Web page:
Harriet Lerner is one of the most popular voices of contemporary relational psychology. Also a respected writer and speaker, Dr. Lerner is the author of 12 specialty books, and not only, already translated into 35 languages. Among these is the bestseller The Dance of Fear that, more than three decades after its publication, remains one of the most current guidelines for the rescue of couple, family, friendship or professional relationships. We talked about her revolutionary vision of relationships with Harriet Lerner, but also about her books dedicated to children that she co-wrote with her sister, how she decided to become a psychotherapist, how it is to live with another psychotherapist and about her next book, which through the same skillful narrative style and power of synthesis comes to change our perspective on what it means to apologize: Why Won’t You Apologize? Healing Big Betrayals and Everyday Hurts.
I love beginning most of my interviews with professionals in the field of Mental Health asking this question: What lead you to start a career in psychology?
No doubt my career choice had to do with the fact that my mother put me in therapy before I was three. My family was poor but my mother obtained a health insurance policy that provided weekly therapy sessions for one dollar. Unlike other parents of the day who considered therapy to be a last resort of the mentally ill, my progressive mother thought it was a learning experience. I decided to become a psychologist before entering kindergarten and I never veered from this decision.
I read you saying in an interview „It takes two to tango. It takes only one to make things a whole lot better.“ Coming from somebody with your experience, I think this could be a life-changing message for many hopeless partners and even for many psychotherapists who often find themselves in their offices in the situation of having to manage relationship problems with only one of the partners in therapy. For our more skeptical readers, would you care to expand a bit on your idea?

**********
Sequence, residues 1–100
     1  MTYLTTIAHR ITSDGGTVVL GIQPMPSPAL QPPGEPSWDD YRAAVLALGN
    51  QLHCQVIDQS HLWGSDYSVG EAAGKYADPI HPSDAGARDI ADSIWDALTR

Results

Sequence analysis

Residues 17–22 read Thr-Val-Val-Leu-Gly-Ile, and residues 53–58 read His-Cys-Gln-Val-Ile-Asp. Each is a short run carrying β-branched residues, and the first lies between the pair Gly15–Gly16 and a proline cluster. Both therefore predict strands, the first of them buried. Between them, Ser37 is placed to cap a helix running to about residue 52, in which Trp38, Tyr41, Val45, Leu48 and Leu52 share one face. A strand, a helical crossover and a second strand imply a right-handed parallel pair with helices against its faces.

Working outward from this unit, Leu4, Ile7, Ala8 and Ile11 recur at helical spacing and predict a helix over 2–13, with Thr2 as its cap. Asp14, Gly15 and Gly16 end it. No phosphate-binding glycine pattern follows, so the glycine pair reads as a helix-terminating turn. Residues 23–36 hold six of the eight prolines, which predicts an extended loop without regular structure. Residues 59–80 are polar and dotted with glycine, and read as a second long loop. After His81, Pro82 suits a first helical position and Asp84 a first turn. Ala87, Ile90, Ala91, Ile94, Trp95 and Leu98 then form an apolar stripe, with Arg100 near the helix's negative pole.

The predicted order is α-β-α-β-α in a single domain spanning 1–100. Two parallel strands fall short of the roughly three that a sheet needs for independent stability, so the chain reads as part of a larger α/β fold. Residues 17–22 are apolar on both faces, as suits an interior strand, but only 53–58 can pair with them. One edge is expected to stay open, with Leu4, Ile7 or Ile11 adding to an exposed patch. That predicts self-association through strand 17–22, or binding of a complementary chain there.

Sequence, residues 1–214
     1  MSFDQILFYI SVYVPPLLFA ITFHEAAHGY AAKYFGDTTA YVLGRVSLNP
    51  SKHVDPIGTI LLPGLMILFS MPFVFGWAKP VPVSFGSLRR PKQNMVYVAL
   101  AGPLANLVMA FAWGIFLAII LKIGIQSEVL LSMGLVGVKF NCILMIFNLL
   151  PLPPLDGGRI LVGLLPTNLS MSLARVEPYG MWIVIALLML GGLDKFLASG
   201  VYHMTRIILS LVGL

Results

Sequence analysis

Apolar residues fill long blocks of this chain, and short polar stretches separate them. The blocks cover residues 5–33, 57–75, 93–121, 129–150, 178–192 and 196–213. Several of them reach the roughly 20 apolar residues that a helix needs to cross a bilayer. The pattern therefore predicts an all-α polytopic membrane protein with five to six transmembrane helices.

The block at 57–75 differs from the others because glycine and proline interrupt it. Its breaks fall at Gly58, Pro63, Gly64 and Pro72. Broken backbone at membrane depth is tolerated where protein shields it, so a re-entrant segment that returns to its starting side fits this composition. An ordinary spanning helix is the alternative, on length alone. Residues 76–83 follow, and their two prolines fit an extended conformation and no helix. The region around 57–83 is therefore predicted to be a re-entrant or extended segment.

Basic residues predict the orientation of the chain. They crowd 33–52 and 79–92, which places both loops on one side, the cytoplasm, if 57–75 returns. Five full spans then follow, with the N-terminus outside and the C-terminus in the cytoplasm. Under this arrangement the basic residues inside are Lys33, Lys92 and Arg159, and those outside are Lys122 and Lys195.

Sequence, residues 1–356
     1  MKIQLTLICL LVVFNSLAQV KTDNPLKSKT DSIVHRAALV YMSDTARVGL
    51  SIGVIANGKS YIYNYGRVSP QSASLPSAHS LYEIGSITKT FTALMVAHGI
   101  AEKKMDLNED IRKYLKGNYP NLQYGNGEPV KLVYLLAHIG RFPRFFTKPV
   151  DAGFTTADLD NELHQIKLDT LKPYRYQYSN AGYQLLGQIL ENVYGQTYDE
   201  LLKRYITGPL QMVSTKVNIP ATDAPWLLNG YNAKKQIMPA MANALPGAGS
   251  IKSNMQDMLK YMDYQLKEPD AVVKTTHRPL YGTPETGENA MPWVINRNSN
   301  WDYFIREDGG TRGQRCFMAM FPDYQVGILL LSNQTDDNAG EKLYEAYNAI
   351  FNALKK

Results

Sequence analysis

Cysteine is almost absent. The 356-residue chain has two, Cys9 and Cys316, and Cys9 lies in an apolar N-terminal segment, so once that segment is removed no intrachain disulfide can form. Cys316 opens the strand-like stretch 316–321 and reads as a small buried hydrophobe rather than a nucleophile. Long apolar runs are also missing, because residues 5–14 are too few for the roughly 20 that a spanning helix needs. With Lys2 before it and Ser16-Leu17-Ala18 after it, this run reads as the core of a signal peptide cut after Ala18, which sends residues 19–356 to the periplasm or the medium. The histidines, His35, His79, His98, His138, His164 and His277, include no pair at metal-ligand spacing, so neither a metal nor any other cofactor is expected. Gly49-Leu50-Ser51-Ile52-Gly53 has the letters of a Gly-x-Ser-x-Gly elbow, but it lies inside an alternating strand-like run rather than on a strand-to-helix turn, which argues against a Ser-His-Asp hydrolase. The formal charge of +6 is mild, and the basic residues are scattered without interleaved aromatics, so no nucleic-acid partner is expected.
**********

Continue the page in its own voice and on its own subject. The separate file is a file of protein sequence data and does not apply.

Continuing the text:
When anxiety and stress hits, even the best relationship will get caught in two much distance, intensity, and just plain hard times. While it’s the ideal that both people in a relationship are motivated to work on their part in a problem, this is often not the case in real life.
While it takes two people to couple up, it takes only one to change their steps in a relationship pattern that’s bringing them pain. I often have just one person in my consulting room, and I may prefer that. If one person can engage in courageous acts of change — and maintain the change over time–the old pattern can’t continue as usual.
Not that it’s easy. We all want change but we don’t want to change first — a great recipe for relationship failure. Women often ask me, „Why do I always have to do the work? It’s not fair!“ It’s not about fairness. If you are unhappy in a relationship, you are the only person you can change. No one else will do it for you.
I could never leave „The Dance of Anger“ out of our discussion – the bestseller self-help book that sold more than 3 million copies and was translated in more than 30 languages. It is there where you share the most interesting and helpful view of anger and of the way this shapes all our relationships. Why did you write this book?
Anger is an important emotion that deserves our attention and respect. Just like physical pain tells us to take our hand off the hot stove, the pain of our anger can preserve the very dignity and integrity of the self.
But most of us have little experience using our anger as a vehicle for positive change. Instead we silence our anger, or vent it in a way that leaves us feeling helpless and powerless. Women, who engage in non-productive fighting, complaining and blaming, suffer as deeply as those who can’t get angry at all.
Anger is a tricky emotion. It signals that something is wrong, but it doesn’t tell us what the real issue is or how to approach the problem in a growth-fostering way that leads to positive change. I wrote The Dance of Anger to help women identify the true sources of their anger, and then to take new steps in a relationship that is stuck in too much distance, intensity, or pain.